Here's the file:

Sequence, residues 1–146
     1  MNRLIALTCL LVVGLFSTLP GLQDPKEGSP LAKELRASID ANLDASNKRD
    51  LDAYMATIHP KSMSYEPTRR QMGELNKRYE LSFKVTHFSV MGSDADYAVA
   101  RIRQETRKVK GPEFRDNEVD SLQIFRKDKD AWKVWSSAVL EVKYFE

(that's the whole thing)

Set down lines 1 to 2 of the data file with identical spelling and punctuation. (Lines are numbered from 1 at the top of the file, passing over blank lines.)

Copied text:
Sequence, residues 1–146
     1  MNRLIALTCL LVVGLFSTLP GLQDPKEGSP LAKELRASID ANLDASNKRD